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SIOUX CITY -- Less than a month past her 24th birthday, Shelby Houlihan is clearly to Sioux City women’s track and field what Kirk Hinrich became to local basketball.

The word is “incomparable.’’

Not that Houlihan hadn’t already earned that status by reaching the 2016 Olympics just a year after finishing up a sensational college career at Arizona State University.

To be fair, a championship double at the USA Track and Field Indoor Nationals, which concluded Sunday in Albuquerque, wasn’t even really Shelby at her best. And, those two national titles weren’t seriously challenged in races she won in convincing fashion.

Houlihan, actually, may never actually realize her “best,’’ but that’s only because she refuses to accept any limits on what she might achieve.

“As long as my running career continues -- hopefully another 10 years -- that’s how I’m looking at it,’’ she projected in a recent interview with this reporter. “I’m up to (running) 70 miles a week. That’s still not as much as some of my teammates (on the Portland-based Bowerman Track Club), but I’m focusing on staying healthy.’’

America’s women’s distance running elite were not all present for Saturday and Sunday’s competition at the Albuquerque Convention Center. With more than three years until the next Olympics, several of Houlihan’s more formidable rivals bypassed these annual rites.

So, the weekend’s efforts in the challenging conditions of high altitude turned into more of a tactical test for the former East High star who became a 12-time All-American at ASU.

Three weeks after launching her 2017 season with a best-ever mile time of 4:24.16 Feb. 10 at Boston University -- Mary Decker’s U.S. indoor record of 4:20.5 dates back a quarter-century to 1982 -- Houlihan won the indoor mile crown with a 4:45.18 clocking.

Less oxygen may create advantages for long jumpers or golfers or cleanup batters, but it doesn’t help you run distance events any faster.

“It’s harder to breathe,’’ said Houlihan, who prepared herself earlier this winter with more than a month of training at altitude in Flagstaff, Arizona. “We do that two or three times a year (altitude training).’’

Teammate Colleen Quigley, a former NCAA champ at Florida State, roomed with Houlihan and two other Bowerman-sponsored women for that training in Flagstaff. And, not only did Quigley run a close second in the Boston race with a 4:24.88 effort, she was also second on Saturday with 4:45.58 in the much slower USATF race.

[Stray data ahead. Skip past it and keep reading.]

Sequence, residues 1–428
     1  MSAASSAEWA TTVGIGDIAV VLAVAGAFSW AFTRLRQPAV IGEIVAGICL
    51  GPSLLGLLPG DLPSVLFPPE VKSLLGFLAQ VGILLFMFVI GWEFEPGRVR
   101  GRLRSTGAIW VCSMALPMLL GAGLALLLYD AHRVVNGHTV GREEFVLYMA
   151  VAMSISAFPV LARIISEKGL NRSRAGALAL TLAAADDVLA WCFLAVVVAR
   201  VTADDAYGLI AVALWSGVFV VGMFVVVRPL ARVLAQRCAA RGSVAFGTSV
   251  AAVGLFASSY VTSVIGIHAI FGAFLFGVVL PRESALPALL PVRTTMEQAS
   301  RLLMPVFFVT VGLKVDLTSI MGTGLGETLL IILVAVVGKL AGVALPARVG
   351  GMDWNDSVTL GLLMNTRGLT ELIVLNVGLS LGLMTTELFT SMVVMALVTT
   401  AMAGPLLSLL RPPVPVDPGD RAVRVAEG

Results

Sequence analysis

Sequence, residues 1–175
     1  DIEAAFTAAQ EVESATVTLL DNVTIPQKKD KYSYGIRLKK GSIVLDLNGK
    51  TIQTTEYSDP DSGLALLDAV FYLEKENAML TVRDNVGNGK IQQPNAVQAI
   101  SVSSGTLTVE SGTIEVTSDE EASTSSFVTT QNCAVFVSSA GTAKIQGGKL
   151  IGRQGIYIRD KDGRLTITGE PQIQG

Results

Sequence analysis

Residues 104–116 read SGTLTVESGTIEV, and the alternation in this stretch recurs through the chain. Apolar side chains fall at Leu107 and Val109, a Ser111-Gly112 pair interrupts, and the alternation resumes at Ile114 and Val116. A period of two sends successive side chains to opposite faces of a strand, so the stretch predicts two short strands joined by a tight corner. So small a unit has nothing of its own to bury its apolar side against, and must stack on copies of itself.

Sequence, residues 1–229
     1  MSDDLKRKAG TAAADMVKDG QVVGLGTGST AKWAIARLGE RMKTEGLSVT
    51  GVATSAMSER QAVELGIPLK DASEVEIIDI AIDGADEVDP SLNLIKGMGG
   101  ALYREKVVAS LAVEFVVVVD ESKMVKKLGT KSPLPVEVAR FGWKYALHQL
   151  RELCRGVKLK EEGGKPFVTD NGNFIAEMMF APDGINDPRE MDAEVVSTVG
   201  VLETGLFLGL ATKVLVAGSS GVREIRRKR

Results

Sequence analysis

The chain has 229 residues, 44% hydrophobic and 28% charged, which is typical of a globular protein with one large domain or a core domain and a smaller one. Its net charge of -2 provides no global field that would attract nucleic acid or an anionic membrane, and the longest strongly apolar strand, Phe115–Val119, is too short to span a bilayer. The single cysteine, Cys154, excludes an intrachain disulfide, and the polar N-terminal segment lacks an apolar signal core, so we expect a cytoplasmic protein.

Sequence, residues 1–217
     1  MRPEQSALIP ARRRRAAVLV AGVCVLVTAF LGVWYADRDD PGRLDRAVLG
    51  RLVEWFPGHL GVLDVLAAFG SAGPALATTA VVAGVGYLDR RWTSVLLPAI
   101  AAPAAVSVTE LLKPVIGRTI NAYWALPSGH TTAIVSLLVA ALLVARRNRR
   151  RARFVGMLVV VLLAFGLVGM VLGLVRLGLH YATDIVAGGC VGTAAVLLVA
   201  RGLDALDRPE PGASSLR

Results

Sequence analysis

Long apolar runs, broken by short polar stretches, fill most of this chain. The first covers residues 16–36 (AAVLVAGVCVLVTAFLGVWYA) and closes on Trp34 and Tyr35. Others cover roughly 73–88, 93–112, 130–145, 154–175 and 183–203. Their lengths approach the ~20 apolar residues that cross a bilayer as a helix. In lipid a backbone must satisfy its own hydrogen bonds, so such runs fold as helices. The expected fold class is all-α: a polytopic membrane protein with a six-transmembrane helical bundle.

Four-time USATF Outdoor mile champion Heather Kampf, a University of Minnesota track legend, ran third in Saturday’s mile and came back with a runner-up 10:21.80 behind Houlihan’s winning 10:19.14 in Sunday’s two-mile test. Once again, the altitude was a handicap in addition to the absence of a “rabbit’’ to establish a faster early pace.

Houlihan had plenty left in the tank either day, pulling away in Saturday’s mile with a final 800 meters in 2:06.96 and then almost duplicated that with a 2:06.98 split to finish off Sunday’s two-mile success.

Even in Boston, running the mile more than 20 seconds faster, the daughter of Robert and Connie (Prince) Houlihan felt she might easily have done better.

“I was a little disappointed in the end, I just had too much (energy) left,’’ she said.

Less than seven months removed from her 11th-place 5,000-meter finish in Rio de Janeiro, this is still just the start for where Houlihan seems headed. Earning that berth in the Olympic finals, let alone simply making it to her sport’s biggest stage, came a full four years sooner than the goal she’d boldly established.

You’ve possibly heard the story, but it’s very much worth repeating.

“Going into the (U.S. Olympic) trials last year, I had written on the mirror, ‘I will be an Olympian,’ ‘’ Shelby reflects. “Seeing that and telling myself that every day made it seem like it could actually happen instead of just being this far-reaching goal.’’

By setting her sights on the 5,000, a race she’d rarely run through high school and college, she landed herself in an event completely dominated by runners from Kenya and Ethiopia. She continues to regard this as her rightful niche, but the last month’s progress in shorter races, where Americans have fared better internationally, could change the plan as she shoots for the Games of 2020 in Tokyo.

The improvement in her overall foot speed has certainly been evident in her first two assignments of what will be her first full year as a professional. That leads me to believe the objectives for three years hence aren’t carved in stone.

The only sure thing is that Houlihan will maintain her faith in a strategy she literally stumbled onto in 2013, running at the NCAA indoor nationals as an ASU sophomore.

“I was about halfway into the 800 (a preliminary heat) and the girl in front of me ran up on the girl in front of her and she fell,’’ recalled Shelby. “I had nowhere to go and I ended up falling, too. They should have advanced me, but they said they didn’t think I was in contention to make the final. I don’t know how they could make that call 400 meters into an 800.

“I was like, ‘I’m tired of being in the back (of the pack), I’m just going to go up to the front and lead. From then on, I started leading races and winning races. I don’t know if I’d have been able to win a national championship (1,500 in 2014) if that hadn’t happened. But everything comes together and kind of happens for a reason and you’ve got to take it for what it is.’’

She is certainly doing just that and we should all enjoy seeing what lies ahead.

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